NEW YORK -- From the day Terry Francona announced his pitching plan for the American League Division Series presented by Doosan, his language was, by his standards, oddly conciliatory.It is, after all, Francona's "you can't win today if you're thinking at about tomorrow" (or words to that effect) mantra that
NEW YORK -- From the day Terry Francona announced his pitching plan for the American League Division Series presented by Doosan, his language was, by his standards, oddly conciliatory.
It is, after all, Francona's "you can't win today if you're thinking at about tomorrow" (or words to that effect) mantra that has been embraced so completely by his clubhouse. It has served as the backbone of the organizational success of the Tribe's Tito era, to say nothing of the AL-record 22-game winning streak this season.
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So it was unusual last week to hear Francona talk about how holding Corey Kluber back until Game 2 against the Yankees made sense because it kept the AL Cy Young Award favorite on regular rest for a potential Game 5. Naturally, a team has to think ahead about all potential outcomes in a best-of-five set (as Kluber so eloquently put it, "You don't want to get caught with your pants down"). But to publicly prioritize the back end of the series and not the front was odd talk from Tito.
"Not that you go into a game thinking you're going to lose," Francona said. "But if you do, you have your ace coming back. The biggest thing was keeping him on his five-day [routine]."
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Whether Kluber's extra day of rest before Game 2 was a culprit in his uncharacteristic struggles against the Yankees is anybody's guess. But in the wake of the error-prone pileup that was a 7-3 loss in Game 4 on Monday night at Yankee Stadium, the Indians got what they planned for now: It's Kluber, on four days' rest, in Game 5 at 8 p.m. on Wednesday night at Progressive Field. And he's either going to help the Yanks encroach rare historical terrain, or he's going to stop them in their tracks, as intended.
"It's hard to imagine giving [the ball] to somebody better," Francona said.
The Indians are, frankly, fortunate to be in this position. If not for Yankees manager Joe Girardi's instantly infamous non-challenge of a phantom hit-by-pitch of Lonnie Chisenhall in the sixth inning of Game 2 -- the one that immediately preceded the grand slam that still stands as Francisco Lindor's only hit in this series -- this thing might be over by now. Lindor's 352-foot fly ball in Game 3 wouldn't have been out in the majority of Major League parks, and it wasn't out in Yankee Stadium, where the so-called "short porch" looks shorter still when 6-foot-7 right fielder Aaron Judge is standing in front of it. And if the Yanks didn't already have the momentum going into Game 4, the Tribe's inability to make accurate throws pushed them right along on their path.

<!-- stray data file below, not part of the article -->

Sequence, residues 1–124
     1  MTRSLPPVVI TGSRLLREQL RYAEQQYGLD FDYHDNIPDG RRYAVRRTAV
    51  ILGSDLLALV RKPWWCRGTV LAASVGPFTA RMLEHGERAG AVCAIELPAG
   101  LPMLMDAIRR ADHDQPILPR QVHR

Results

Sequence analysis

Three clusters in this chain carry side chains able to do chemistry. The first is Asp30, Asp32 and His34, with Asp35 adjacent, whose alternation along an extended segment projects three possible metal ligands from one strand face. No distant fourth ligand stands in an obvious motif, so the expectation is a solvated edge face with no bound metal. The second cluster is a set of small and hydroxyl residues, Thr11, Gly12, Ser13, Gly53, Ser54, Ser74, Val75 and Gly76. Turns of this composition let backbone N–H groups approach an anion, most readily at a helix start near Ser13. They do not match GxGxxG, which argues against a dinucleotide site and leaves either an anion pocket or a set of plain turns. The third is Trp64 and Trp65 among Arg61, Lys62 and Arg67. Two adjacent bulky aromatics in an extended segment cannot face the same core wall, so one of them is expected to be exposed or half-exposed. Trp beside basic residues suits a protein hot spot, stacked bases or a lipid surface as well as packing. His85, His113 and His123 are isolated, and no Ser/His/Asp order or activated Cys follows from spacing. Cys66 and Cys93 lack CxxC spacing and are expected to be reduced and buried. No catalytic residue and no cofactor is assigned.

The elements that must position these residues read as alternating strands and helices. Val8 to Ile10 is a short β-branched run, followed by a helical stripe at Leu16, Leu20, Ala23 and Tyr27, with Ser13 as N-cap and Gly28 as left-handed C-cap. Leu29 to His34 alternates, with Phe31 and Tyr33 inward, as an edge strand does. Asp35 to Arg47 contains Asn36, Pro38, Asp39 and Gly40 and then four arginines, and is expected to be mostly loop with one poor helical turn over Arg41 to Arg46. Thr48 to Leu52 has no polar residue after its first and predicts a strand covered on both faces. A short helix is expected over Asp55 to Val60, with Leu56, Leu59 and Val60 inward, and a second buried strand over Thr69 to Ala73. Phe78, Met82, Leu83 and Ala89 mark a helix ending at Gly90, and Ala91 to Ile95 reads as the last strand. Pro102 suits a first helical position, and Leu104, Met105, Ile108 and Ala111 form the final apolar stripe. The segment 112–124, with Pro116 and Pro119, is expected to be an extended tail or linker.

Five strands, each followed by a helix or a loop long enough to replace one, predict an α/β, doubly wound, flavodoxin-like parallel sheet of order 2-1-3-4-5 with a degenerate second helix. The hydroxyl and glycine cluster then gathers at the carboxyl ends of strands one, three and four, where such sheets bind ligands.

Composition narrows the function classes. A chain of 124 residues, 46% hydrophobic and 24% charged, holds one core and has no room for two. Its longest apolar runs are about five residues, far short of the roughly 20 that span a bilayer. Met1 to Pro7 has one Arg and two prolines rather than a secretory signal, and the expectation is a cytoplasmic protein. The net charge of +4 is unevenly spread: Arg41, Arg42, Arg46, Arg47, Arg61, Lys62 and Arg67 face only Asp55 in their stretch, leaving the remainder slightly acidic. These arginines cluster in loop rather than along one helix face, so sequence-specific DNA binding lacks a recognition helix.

While Cleveland's pitching plan looked brilliant after Bauer's gem in Game 1, the real wart was revealed Monday. The Indians used their starters on short rest out of necessity in their injury-riddled run to Game 7 of the World Series last year, and they went 1-4 in those games. Their starters, including Bauer, had a 6.75 ERA in those games.
In other words, it didn't work particularly well, and in the long history of teams desperately going against rest convention on the season's biggest stage, it doesn't work all that often. It definitely didn't work for Bauer in Game 4, in which he was unable to pitch through the defensive foibles taking place around him.
Take all of the above in conjunction with what they did against Kluber in Game 2 (six runs on seven hits with two homers in 2 2/3 innings), and the Yankees have every reason to be confident going into the culmination. Perhaps in a year in which external expectations were a tempered with a younger Yanks team, you could say they're playing with house money. But there's still a lot of experience on that roster, including unexpected Game 5 starter Carsten Sabathia.
Kluber is going to have to be on top of his game -- something he clearly wasn't in Game 2.
"You could tell right from the beginning that he was fighting it," Francona said of that outing. "'I thought, and [pitching coach Mickey Callaway] agreed, he had been fighting it the last couple [outings]. He had been getting under some balls. The last lineup with the White Sox, it was against some younger guys. I think we felt like maybe under some different circumstances he might have given up some runs that game. I think he did, too."
Kluber indicated he's identified a mechanical flaw causing the command problem. It's also worth noting that his past three trips to the mound came after extra rest. For the season, Kluber's ERA and OPS+ marks were markedly worse on five and six days' rest than with the typical four.
"Sometimes if you're not feeling good and you have things to iron out, the extra day works out well," Kluber said. "And sometimes when you're on a roll, you don't want the extra day. I think that if you go out there and don't pitch well and blame it on having an extra day, it's just a cop-out."
There are no cop-outs now. Only Kluber. On regular rest. In a Game 5 that brings us back to the Tito thesis in a weird way. You can't win today if you're thinking about tomorrow? That's more true than ever. Because if the Indians don't win the Game 5 they prepared for all along, there is no tomorrow.
Anthony Castrovince has been a reporter for MLB.com since 2004. Read his columns and follow him on Twitter at @Castrovince.